EMS Professions Overview

EMS Profession Overview:

The Emergency Medical System (EMS) is a tiered system established to bring lifesaving treatments to patients outside of the hospital.   New Jersey’s EMS system was established in the mid-1950s and got its origin from a need of transporting the critically ill to definitive care. Since that time, EMS has evolved into a fully functioning extension of the emergency department providing lifesaving treatments at the roadside, bedside or anywhere necessary outside of the hospital. 

The current New Jersey EMS model consists of three levels: EMR – Emergency Medical Responder (police officers and firefighters), EMT – Emergency Medical Technician (providers from local towns or private companies), and Paramedic (all paramedics in NJ are hospital employees). 

EMT’s provide basic life support to patients in the pre-hospital environment.  This would include CPR, automatic defibrillation, oxygen therapy, splinting, emergency childbirth and patient assisted medication administration.  Paramedics provide advanced life support to patients in the pre-hospital environment.  Paramedics are physician extenders that bring the Emergency Department to the field and provide the equivalent treatments that are offered in the first 15-20 minutes of care at an emergency department.  Their skills and scope of practice include clinical assessment techniques, medication therapies, invasive skills and lifesaving skills. Paramedics and EMTs work cohesively to transport the critically ill from the pre-hospital environment to the most appropriate medical facility while stabilizing their condition during transport and transfer. 


Paramedic Characteristics
Information taken in part from the National Highway Traffic Safety Administration
Paramedic Functional Job Analysis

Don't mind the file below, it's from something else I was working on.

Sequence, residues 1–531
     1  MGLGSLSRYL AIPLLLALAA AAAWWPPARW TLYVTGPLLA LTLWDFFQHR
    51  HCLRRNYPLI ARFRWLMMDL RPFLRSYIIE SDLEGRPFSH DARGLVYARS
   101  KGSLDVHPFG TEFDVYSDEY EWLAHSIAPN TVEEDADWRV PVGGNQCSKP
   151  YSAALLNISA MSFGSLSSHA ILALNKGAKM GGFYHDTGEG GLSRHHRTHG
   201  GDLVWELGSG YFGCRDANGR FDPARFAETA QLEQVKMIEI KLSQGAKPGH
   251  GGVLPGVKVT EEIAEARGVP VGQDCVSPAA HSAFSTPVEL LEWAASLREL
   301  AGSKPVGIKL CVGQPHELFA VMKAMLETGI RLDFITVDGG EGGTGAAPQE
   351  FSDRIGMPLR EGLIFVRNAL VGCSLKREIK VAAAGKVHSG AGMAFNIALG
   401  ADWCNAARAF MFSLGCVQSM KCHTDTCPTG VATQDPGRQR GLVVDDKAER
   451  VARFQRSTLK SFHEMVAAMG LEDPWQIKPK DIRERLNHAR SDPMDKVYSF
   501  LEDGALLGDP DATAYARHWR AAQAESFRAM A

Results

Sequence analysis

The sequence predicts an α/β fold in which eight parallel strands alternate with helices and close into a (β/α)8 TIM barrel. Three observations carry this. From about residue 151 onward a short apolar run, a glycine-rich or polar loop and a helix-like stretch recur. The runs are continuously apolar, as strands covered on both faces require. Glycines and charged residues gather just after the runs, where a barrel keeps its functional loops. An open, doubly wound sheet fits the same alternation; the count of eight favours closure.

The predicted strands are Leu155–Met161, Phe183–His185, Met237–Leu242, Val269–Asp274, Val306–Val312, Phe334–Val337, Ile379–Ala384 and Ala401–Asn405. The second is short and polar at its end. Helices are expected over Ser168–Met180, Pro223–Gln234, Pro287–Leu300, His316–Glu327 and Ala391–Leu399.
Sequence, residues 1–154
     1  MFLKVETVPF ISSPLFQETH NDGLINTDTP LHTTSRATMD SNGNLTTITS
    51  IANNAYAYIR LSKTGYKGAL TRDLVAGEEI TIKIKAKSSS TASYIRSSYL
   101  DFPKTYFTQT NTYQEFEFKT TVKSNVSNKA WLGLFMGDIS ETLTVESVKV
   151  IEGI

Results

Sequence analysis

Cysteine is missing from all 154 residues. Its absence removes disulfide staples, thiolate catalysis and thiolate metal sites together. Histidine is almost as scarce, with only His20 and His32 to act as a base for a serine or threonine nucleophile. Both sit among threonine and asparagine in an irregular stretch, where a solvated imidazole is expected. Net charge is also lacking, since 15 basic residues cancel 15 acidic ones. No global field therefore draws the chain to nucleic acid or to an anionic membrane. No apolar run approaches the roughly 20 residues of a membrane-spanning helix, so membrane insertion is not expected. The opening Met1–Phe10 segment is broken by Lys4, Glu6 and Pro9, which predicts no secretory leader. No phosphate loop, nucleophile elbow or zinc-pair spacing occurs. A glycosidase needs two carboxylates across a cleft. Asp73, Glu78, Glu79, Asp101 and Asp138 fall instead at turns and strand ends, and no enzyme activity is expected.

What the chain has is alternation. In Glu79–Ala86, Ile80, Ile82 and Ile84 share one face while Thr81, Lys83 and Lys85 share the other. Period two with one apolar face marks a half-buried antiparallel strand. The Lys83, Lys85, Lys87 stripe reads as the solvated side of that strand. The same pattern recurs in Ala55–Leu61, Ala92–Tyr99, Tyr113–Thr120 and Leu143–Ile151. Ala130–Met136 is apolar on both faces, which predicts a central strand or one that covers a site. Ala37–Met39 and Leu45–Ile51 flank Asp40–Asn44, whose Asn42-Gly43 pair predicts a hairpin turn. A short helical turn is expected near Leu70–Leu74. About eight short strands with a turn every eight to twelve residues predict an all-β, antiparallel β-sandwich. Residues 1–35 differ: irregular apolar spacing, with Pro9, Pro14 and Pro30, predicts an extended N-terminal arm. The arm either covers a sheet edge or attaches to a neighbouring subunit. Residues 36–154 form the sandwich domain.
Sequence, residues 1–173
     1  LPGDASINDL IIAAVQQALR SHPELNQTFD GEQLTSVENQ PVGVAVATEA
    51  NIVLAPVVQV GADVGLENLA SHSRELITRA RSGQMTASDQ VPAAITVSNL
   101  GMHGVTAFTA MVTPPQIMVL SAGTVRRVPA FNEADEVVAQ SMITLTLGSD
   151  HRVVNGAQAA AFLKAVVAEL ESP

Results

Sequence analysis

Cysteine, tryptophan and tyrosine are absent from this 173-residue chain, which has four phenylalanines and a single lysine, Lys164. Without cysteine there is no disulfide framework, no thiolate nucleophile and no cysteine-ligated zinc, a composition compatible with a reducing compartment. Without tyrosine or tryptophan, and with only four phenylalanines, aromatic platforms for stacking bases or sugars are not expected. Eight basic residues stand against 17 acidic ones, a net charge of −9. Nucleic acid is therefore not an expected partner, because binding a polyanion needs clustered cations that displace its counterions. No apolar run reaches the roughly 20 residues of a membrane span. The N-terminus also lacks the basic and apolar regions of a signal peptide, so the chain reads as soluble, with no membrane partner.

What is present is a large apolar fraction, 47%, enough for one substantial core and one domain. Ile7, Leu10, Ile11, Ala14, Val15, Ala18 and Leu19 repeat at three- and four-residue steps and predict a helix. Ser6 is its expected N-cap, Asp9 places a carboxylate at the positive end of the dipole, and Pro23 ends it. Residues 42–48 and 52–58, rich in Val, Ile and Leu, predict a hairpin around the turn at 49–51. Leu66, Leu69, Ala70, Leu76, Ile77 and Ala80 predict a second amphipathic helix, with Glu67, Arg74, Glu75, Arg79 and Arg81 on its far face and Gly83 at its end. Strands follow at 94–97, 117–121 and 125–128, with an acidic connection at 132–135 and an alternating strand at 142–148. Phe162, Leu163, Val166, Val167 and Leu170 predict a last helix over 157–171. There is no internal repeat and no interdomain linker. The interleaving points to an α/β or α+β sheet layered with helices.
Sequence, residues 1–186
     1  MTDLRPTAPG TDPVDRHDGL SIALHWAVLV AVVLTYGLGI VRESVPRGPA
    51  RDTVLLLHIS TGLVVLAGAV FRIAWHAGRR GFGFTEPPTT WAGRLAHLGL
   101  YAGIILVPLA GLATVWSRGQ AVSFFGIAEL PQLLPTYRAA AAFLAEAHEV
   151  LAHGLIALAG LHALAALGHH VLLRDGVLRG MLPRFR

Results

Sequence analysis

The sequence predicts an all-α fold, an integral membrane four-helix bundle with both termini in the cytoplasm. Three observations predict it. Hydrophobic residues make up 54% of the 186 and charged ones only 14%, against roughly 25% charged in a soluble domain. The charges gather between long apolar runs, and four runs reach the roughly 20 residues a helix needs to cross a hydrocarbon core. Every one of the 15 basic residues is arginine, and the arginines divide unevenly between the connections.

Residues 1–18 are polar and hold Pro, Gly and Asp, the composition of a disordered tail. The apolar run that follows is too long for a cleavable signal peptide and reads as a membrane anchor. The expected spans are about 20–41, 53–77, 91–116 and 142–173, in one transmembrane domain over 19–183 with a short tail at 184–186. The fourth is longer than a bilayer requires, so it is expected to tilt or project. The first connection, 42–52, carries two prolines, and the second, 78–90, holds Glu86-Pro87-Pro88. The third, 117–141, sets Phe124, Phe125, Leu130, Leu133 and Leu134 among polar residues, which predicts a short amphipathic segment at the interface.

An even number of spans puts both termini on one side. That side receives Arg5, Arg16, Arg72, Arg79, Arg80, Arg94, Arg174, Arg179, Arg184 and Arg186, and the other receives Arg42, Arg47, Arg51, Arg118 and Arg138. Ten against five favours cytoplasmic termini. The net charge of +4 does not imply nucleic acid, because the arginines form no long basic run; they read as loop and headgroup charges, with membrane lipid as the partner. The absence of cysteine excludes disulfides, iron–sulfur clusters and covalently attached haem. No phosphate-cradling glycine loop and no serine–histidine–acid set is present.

A Paramedic is a person who must not only remain calm while working in difficult and stressful circumstances, but must be capable of staying focused while assuming the leadership role inherent in carrying out the functions of the position. Good judgment along with advanced knowledge and technical skills are essential in directing other team members to assist as needed. The Paramedic must be able to provide top quality care, concurrently handle high levels of stress, and be willing to take on the personal responsibility required of the position.  The Paramedic must be able to deal with adverse and often dangerous situations which include responding to calls in districts known to have high crime and mortality rates. Self-confidence is critical, as is a desire to work with people, solid emotional stability, a tolerance for high stress, and the ability to meet the physical, intellectual, and cognitive requirements demanded by this position.  Aptitudes required for work of this nature are good physical stamina, endurance, and body condition that would not be adversely affected by frequently having to walk, stand, lift, carry, and balance at times, in excess of 125 pounds. Motor coordination is necessary because over uneven terrain, the patients, the Paramedics, and other workers wellbeing must not be jeopardized.


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